My husband was born and raised in France in the small village of Beaumont, so small that it’s rarely found on any map. To give an idea of where it is situated it is just outside the better known city of Poitiers in the region of La Vienne. One of the most fascinating things to me whenever we visit our family in France is the observation of all of the old customs and traditions, some of which are perhaps observed most zealously in the French countryside as opposed to the big cities of France.
His parents, Jean and Roseline, have a small farm and vineyard. Maman Roseline is an amazing cook and the greater part of her cooking repertoire is very traditional, country cuisine. No matter how long or short our visit, it is guaranteed that we’ll come back to the US a few pounds heavier than when we left!
A French tradition that we keep here, in just the same way as we know his parents and siblings will be keeping it, is the tradition of La Chandeleur. Every February 2nd my husband prepares the crêpe pan, takes the batter that he makes the night before (best when it chills in the fridge for +/- 24 hours), gets out the gold coin that was given to him by his grandparents many years ago, and our family makes crêpes!
The filling can be anything. Sometimes we have them for dinner with assorted savoury fillings (ham & gruyère or swiss cheese, for example) topped with Béchamel sauce. For dessert, spread with Nutella with or without slices of banana; or strawberries topped with creme fraiche… or just spread with butter and a sprinkling of sugar. Sometimes we make them into French-style sundaes, rolled up with ice cream and hot fudge, topped with whipped cream.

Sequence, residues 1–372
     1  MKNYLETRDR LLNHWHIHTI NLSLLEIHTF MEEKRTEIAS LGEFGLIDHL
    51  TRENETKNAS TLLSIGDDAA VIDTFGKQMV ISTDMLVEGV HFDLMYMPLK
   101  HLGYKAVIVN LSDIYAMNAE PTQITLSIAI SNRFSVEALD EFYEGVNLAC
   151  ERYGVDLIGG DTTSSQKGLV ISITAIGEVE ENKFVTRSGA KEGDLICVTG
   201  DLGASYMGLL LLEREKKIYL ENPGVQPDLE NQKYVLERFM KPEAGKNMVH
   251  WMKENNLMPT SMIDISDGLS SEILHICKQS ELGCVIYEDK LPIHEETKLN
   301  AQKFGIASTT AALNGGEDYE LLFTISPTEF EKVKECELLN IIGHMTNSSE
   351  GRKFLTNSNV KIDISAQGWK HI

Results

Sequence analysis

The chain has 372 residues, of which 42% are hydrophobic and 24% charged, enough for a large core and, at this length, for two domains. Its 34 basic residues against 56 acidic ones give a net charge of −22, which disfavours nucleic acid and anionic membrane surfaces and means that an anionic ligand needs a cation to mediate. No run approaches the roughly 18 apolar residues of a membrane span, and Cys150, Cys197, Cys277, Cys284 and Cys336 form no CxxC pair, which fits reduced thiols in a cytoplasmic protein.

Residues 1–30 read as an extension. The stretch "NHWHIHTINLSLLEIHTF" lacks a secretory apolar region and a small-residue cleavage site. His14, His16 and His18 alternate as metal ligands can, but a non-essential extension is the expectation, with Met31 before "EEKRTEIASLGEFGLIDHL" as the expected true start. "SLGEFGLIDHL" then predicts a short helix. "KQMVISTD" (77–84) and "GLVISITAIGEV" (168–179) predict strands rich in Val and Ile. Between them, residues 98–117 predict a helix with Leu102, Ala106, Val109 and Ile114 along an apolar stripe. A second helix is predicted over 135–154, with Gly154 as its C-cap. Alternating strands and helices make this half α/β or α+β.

The tradition that is observed in making the crêpes is to hold a coin in your hand (hence the gold coin from his grandparents, given specifically for La Chandeleur), when flipping the crêpe in the pan, believed to bring prosperity for the year. Whether it really does or not is pure speculation, but the one year we forgot to make crêpes on the 2nd of February my husband’s position was lost in a company reorganization! Happily not for long, but it serves as a very strong reminder to observe La Chandeleur without fail!
La Chandeleur coincides with our Groundhog Day, and these proverbs for Chandeleur show a similarity between the two:
*À la Chandeleur, l’hiver cesse ou reprend vigueur
On Candlemas, winter ends or strengthens
À la Chandeleur, le jour croît de deux heures
On Candlemas, the day grows by two hours
Chandeleur couverte, quarante jours de perte
Candlemas covered (in snow), forty days lost
Rosée à la Chandeleur, hiver à sa dernière heure
Dew on Candlemas, winter at its final hour